Anya Alvarez – The Guardian
The sports media has heaped praise on the former MVP for his persistence through adversity, but folding his ongoing sexual assault case into a comeback narrative is an insult to survivors
a comeback narrative with problematic elements. Photograph: Hannah Foslien/Getty Images
“He’s got a lot of stuff going on off the court, and I’m not a judge and I’m not a jury, and to my estimation he’s not been convicted of anything … but he plays hard.” These were the words of Fox Sports commentator Jim Petersen at the end of Wednesday’s NBA game between the Timberwolves and Jazz, where Minnesota’s Derrick Rose poured in a career-high 50 points.
The night marked a stunning and emotional revival for the 30-year-old point guard, whose playing career has been undone by a litany of injuries in the seven years since he became the youngest person ever to win the NBA’s Most Valuable Player award, teasing a future of limitless promise.
But if you watch the last 15 seconds of this clip, Petersen’s commentary is, for a lack of a better word, cringeworthy.
In a clumsy attempt to burnish the redemption narrative of a faded star who’s persisted through injuries while bouncing from team to team, Petersen gave cursory mention to a part of Rose’s story that is troublesome.
In October 2016, Rose and two friends were found not liable in a gang rape case related to an incident that took place on 26 August 2013. The alleged victim, who did not come forward with the complaint until 2015, accused Rose, Randall Hampton and Ryan Allen of breaking into her Los Angeles apartment and raping her while she was incapacitated from an evening of drinking. She also claimed to being drugged by the men.
Like many sexual assault cases, it turned into a “he said, she said” affair, with the focus weighing heavily on the woman to prove her case against a superstar athlete and idol of millions (including, it would seem, the jury members who posed for photos with Rose in the aftermath).
Despite Rose admitting to not knowing what consent meant, and admitting that, yes, he and his friends did have sex with the woman while she was intoxicated, he was not held accountable in any way for his actions.
Perhaps the most shocking part of the trial was the admission Rose gave in response to what he and his friends were planning on doing once they arrived at the apartment:
Q: So they just said, ‘Hey, it’s the middle of the night. Let’s go over to plaintiff’s house’ and they never gave you a reason why they wanted to go over there?’
Rose: No, but we men. You can assume.
Q: I’m sorry?
Rose: I said we men. You can assume. Like we leaving to go over to someone’s house at 1 a.m., there’s nothing to talk about.
Q: All right. Is there — within what you just reviewed in those text messages — is there anything within them that would lead you to believe that plaintiff wanted to have sex with you and the other two defendants on August 26, 2013?
Not only did Rose basically state that “boys will be boys”, he also confessed that there was no indication that the plaintiff wanted to have sex him or his friends.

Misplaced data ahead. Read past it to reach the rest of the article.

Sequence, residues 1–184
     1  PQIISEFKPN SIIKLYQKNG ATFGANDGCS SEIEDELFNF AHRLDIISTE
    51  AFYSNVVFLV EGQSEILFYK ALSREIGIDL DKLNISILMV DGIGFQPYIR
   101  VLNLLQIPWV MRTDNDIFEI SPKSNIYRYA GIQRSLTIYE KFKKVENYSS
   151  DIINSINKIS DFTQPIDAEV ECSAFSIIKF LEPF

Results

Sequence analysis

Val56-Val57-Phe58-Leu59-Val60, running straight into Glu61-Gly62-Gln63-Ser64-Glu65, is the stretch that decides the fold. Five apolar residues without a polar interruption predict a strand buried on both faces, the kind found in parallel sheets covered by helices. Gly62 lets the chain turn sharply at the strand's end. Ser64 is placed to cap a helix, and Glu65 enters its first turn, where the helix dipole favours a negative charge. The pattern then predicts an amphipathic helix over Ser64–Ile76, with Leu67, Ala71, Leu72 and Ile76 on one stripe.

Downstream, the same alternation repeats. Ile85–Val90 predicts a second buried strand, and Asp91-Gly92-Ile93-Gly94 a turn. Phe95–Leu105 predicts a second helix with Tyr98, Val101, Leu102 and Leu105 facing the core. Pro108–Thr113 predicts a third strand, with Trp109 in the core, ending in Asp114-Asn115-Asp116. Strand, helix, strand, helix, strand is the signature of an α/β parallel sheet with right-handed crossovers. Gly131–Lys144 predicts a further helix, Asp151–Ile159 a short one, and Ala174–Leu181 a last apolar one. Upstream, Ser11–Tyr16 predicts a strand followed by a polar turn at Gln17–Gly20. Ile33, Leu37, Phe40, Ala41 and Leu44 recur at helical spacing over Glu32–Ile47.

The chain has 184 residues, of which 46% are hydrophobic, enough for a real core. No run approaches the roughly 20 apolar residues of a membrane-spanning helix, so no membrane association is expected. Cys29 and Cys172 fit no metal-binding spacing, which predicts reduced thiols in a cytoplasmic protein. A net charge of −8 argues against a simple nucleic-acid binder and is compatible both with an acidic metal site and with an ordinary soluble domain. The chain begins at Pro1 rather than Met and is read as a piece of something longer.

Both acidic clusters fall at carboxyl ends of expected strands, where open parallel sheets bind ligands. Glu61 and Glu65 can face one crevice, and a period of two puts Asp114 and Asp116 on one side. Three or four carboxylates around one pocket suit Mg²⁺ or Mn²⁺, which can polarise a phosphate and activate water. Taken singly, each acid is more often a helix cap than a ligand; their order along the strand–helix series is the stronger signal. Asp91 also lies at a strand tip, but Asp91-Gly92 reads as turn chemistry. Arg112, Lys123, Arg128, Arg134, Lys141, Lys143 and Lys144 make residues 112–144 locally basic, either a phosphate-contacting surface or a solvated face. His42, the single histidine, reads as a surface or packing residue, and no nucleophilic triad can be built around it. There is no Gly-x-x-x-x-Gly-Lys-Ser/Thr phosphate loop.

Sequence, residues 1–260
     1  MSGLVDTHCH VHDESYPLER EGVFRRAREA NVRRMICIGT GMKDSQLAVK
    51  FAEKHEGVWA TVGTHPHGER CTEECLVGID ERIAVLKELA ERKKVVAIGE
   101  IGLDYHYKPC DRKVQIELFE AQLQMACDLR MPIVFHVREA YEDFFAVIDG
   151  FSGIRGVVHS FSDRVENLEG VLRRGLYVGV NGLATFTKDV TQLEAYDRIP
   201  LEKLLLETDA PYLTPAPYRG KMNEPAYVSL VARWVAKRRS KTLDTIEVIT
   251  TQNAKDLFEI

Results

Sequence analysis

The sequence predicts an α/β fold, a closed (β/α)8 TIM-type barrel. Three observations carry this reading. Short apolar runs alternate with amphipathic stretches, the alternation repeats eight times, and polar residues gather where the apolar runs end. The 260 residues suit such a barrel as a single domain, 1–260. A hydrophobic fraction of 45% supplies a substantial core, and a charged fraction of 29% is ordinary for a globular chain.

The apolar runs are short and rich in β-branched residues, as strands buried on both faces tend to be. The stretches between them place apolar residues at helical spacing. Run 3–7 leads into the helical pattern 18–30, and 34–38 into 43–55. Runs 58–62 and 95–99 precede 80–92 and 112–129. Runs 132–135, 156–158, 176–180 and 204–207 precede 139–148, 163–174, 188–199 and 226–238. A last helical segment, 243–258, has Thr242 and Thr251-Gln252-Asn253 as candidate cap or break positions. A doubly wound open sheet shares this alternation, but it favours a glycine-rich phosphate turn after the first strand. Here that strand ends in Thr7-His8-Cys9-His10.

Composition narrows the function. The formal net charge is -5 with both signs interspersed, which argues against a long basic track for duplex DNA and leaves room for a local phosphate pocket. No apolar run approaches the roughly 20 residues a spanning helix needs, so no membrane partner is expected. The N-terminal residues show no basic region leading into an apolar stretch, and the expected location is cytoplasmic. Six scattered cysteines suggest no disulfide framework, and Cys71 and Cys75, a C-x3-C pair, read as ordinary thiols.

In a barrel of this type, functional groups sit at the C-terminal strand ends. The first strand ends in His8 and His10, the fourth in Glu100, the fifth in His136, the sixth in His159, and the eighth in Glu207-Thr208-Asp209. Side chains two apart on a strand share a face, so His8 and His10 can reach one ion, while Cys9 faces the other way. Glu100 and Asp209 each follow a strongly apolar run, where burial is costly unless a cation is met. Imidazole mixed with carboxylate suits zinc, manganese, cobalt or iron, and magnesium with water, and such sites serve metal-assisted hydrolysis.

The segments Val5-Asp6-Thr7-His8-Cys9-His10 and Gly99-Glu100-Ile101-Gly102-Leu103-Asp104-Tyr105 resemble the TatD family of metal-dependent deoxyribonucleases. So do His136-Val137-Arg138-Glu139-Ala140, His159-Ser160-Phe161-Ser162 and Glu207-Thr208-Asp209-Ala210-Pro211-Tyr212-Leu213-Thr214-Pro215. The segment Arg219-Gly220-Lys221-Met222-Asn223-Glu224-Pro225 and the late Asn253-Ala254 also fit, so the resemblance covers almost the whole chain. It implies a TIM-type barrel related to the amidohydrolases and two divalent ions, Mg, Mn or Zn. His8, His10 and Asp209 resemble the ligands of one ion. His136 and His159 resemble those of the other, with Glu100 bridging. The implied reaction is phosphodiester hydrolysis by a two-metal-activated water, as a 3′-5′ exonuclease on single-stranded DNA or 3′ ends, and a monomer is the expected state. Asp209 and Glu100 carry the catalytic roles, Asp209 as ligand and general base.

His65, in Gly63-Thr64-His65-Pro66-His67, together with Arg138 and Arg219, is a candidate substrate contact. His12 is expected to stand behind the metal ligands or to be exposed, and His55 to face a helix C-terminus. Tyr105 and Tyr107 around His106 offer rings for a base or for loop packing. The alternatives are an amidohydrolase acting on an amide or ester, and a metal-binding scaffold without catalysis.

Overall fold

This was all admitted openly in court, on the record, in front of a jury. Still, Rose walked and went on to continue playing basketball, although he will likely find himself back in the Los Angeles courthouse as the case is under an appeal scheduled to be heard on 16 November.
When Petersen decided to include the accusations against Rose in the same breath as the injuries that derailed his career, he did a disservice to the conversation around sexual assault. It’s clear that Petersen isn’t equipped to lead a discussion around this, because you can’t try to talk about Rose’s rape allegations in 15 seconds. You also cannot simply put being found not liable of sexual assault in the same box of overcoming injuries.
Talking about sexual assault is never easy, even for me, as a survivor of multiple assaults who has written about the experiences on several occasions. We cannot approach the topic of sexual assault in a myopic manner. We have to be thoughtful, educated on cases we are speaking on, and willing to sit back and truly evaluate what value we add to the conversation.
In the case of Petersen, he did not take into account what he actually knew about the proceedings, except that he knew Rose hadn’t been found guilty of anything. There is a time to talk about sexual assault allegations against an athlete. However, it should never be framed in the same narrative thread of a comeback from injuries.
In the case of an injury, only one person is directly impacted: the athlete. In the case of sexual assault, there is another person to keep in mind, someone who may not have found redemption: the survivor.
And if we collectively look at the survivors of sexual assault who do come forward, even if they find legal justice, there is often very little redemption for them. No one writes or talks about their lives and focuses on all the obstacles they had to overcome in regards to their assault. We don’t get to know their pain or see how PTSD can impact their lives on a daily basis. We don’t see the internal struggle many survivors endure, the struggle to love and to not blame themselves for the assault. Their redemption stories don’t make the cover of magazines – and since every 98 seconds a person in the United States is sexually assaulted, there simply isn’t enough time to cover every single one of these comebacks.
Those are the redemption arcs I want to hear and that the world needs to hear, too.